isolated [ahy-suh-ley-tid, is-uh-] ExamplesWord Origin See more synonyms for isolated on adjective

  1. separated from other persons or things; alone; solitary.

Origin of isolated 1755–65; French isolé isolated (Italian; see isolato); see -ate1, -ed2 Related formsi·so·lat·ed·ly, adverbsem·i-i·so·lat·ed, adjective isolate [verb ahy-suh-leyt; noun, adjective ahy-suh-lit, -leyt] verb (used with object), i·so·lat·ed, i·so·lat·ing.

  1. to set or place apart; detach or separate so as to be alone.
  2. Medicine/Medical. to keep (an infected person) from contact with noninfected persons; quarantine.
  3. Chemistry, Bacteriology. to obtain (a substance or microorganism) in an uncombined or pure state.
  4. Electricity. to insulate.
  5. Television. to single out (a person, action, etc.) for a camera closeup.


  1. a person, thing, or group that is set apart or isolated, as for purposes of study.
  2. Psychology. a person, often shy or lacking in social skills, who avoids the company of others and has no friends within a group.
  3. Biology. an inbreeding population that is isolated from similar populations by physiological, behavioral, or geographic barriers.
  4. Also called language isolate. Linguistics. a language with no demonstrable genetic relationship, as Basque.
  5. something that has been isolated, as a by-product in a manufacturing process: an isolate of soy flour.


  1. isolated; alone.

Origin of isolate First recorded in 1800–10; back formation from isolated Related formsi·so·la·tor, nounre·i·so·late, verb (used with object), re·i·so·lat·ed, re·i·so·lat·ing.un·i·so·late, verb (used with object), un·i·so·lat·ed, un·i·so·lat·ing. Related Words for isolated secluded, unusual, lonely, remote, segregated, outlying, deserted, confined, hidden, detached, retired, abandoned, stranded, forsaken, screened, single, withdrawn, abnormal, alone, anomalous Examples from the Web for isolated Contemporary Examples of isolated

  • Isolated lesbians learned that there were other women like them via books whose covers aimed to titillate heterosexual men.

    How Pulp Fiction Saved Literature

    Wendy Smith

    January 8, 2015

  • Which is impossible unless people talk publicly rather than letting each crime be its own isolated incident.

    Cover-Ups and Concern Trolls: Actually, It’s About Ethics in Suicide Journalism

    Arthur Chu

    January 3, 2015

  • For many years, visitors were barred from the isolated towns.

    The Himalayas’ Hidden Aryans

    Nina Strochlic

    January 3, 2015

  • He has contributed to a false picture of law enforcement based on isolated injustices.

    Bill de Blasio’s Tea Party Problem

    Will Cain

    December 30, 2014

  • All of us can readily conjure up horror scenarios by the isolated person acting badly.

    Red Tape Is Strangling Good Samaritans

    Philip K. Howard

    December 27, 2014

  • Historical Examples of isolated

  • The Causses, owing to their isolated position, may be said to have escaped a history.

    The Roof of France

    Matilda Betham-Edwards

  • Standing up, I pointed to distant mountains and isolated peaks.

    Green Mansions

    W. H. Hudson

  • The book I give to the public, is not made up of isolated articles.

    Slavery Ordained of God

    Rev. Fred A. Ross, D.D.

  • Hermits and those who live on isolated farms are interesting in this respect.

    The Sexual Question

    August Forel

  • If only he had been an isolated soul he would not have felt so keenly.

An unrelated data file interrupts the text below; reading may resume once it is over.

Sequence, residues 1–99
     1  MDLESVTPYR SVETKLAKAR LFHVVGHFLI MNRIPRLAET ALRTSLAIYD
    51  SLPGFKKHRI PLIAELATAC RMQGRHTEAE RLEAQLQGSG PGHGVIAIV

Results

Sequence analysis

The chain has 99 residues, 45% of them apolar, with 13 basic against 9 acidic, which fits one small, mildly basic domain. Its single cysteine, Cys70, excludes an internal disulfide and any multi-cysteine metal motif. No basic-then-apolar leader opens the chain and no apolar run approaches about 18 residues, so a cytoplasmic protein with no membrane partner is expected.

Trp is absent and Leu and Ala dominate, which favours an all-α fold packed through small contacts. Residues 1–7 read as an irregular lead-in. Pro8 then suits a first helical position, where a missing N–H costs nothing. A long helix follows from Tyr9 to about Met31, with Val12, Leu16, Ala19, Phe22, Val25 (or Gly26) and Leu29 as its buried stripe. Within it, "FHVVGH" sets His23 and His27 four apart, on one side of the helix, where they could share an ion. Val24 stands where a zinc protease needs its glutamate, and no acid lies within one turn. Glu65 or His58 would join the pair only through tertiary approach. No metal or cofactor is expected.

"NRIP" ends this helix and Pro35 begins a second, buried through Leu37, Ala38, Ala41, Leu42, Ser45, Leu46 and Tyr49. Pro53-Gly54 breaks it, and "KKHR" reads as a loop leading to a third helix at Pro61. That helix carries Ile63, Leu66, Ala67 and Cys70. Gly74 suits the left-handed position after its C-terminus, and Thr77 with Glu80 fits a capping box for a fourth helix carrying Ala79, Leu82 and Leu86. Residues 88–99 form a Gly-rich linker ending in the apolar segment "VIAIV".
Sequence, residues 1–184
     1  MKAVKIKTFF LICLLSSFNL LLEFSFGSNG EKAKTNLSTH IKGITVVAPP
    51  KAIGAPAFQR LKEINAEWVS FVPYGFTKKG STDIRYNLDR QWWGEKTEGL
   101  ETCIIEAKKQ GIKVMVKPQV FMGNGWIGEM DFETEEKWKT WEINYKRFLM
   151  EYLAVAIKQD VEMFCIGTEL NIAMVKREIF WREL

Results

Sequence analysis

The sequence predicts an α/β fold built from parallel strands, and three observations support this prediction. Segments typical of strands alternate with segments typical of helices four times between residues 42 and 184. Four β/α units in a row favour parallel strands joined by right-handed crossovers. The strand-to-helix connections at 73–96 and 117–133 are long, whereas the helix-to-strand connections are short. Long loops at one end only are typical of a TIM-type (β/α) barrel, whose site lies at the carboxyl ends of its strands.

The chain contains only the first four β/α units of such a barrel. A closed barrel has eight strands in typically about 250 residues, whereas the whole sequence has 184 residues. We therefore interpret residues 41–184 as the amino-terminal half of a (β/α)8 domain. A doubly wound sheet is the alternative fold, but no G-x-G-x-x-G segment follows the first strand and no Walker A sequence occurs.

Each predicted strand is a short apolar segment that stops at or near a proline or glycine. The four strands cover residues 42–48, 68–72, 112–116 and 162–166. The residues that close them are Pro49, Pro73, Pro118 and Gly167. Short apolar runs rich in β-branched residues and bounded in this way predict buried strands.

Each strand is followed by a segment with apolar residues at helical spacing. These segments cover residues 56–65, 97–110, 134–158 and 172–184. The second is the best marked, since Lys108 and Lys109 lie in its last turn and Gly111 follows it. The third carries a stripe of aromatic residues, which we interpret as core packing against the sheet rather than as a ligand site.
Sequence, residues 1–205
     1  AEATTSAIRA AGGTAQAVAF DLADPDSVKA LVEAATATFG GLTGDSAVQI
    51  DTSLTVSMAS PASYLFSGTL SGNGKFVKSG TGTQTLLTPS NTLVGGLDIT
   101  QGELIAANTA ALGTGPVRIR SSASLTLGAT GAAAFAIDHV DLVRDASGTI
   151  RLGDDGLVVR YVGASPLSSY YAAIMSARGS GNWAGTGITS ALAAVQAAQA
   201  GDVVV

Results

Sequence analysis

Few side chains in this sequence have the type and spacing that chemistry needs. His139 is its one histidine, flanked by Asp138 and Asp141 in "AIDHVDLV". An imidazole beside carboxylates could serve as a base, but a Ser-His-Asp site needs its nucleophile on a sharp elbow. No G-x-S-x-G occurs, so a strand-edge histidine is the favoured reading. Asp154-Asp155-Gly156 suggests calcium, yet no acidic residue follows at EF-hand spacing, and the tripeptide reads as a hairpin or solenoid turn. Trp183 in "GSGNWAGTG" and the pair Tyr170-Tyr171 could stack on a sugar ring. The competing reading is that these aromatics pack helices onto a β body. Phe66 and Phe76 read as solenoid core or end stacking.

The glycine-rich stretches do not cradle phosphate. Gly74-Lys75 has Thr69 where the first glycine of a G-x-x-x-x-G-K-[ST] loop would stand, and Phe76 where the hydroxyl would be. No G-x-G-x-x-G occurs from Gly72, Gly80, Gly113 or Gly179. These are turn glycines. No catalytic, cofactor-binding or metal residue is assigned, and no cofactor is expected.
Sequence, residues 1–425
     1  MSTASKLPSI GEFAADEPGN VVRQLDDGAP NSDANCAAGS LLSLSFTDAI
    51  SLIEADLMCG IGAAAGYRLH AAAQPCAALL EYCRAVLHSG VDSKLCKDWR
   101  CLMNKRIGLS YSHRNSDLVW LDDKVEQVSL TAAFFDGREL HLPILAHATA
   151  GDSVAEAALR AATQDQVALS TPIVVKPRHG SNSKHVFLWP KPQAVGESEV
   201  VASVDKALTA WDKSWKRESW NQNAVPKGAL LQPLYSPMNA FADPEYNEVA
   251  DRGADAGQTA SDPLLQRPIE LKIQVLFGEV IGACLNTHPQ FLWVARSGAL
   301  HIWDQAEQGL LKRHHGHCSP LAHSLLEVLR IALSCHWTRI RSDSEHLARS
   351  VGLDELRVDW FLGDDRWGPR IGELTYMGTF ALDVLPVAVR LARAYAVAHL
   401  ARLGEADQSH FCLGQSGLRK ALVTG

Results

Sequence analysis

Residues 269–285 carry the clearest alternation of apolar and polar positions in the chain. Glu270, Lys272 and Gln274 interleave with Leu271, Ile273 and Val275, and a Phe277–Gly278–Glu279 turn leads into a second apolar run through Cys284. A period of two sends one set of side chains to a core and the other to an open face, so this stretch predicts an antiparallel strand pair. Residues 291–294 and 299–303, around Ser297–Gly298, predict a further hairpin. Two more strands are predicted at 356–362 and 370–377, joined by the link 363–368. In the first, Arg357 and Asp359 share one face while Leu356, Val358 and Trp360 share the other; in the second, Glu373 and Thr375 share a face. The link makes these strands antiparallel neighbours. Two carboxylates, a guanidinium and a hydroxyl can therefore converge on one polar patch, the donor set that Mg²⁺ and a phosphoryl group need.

Cleo The Magnificent

    Louis Zangwill

  • British Dictionary definitions for isolated isolate verb (ˈaɪsəˌleɪt) (tr)

    1. to place apart; cause to be alone
    2. med to quarantine (a person or animal) having or suspected of having a contagious disease
    3. to obtain (a compound) in an uncombined form
    4. to obtain pure cultures of (bacteria, esp those causing a particular disease)
    5. electronics to prevent interaction between (circuits, components, etc); insulate

    noun (ˈaɪsəlɪt)

    1. an isolated person or group

    Derived Formsisolable, adjectiveisolability, nounisolator, nounWord Origin for isolate C19: back formation from isolated, via Italian from Latin insulātus, literally: made into an island; see insulate Word Origin and History for isolated adj.

    1763, from French isolé “isolated” (17c.) + English -ated (see -ate (2)). The French word is from Italian isolato, from Latin insulatus “made into an island,” from insula “island.” The French word was used at first in English (isole, also isole’d, c.1750), then after isolate became an English word, isolated became its past participle.

    isolate v.

    by 1786, a new formation from isolated (q.v.).

    The translation of this work is well performed, excepting that fault from which few translations are wholly exempt, and which is daily tending to corrupt our language, the adoption of French expressions. We have here evasion for escape, twice or more times repeated; brigands very frequently; we have the unnecessary and foolish word isolate; and, if we mistake not, paralize, which at least has crept in through a similar channel. Translators cannot be too careful on this point, as it is a temptation to which they are constantly exposed. [“The British Critic,” April 1799]

    As a noun from 1890, from earlier adjectival use (1819).

    isolated in Medicine isolate [ī′sə-lāt′] v.

    1. To set apart or cut off from others.
    2. To place in quarantine.
    3. To separate a pure strain from a mixed bacterial or fungal culture.
    4. To separate or remove a chemical substance out of a combined mixture.
    5. To separate experiences or memories from the emotions relating to them.


    1. A bacterial or fungal strain that has been isolated.

    Related formsi′so•la′tor n.

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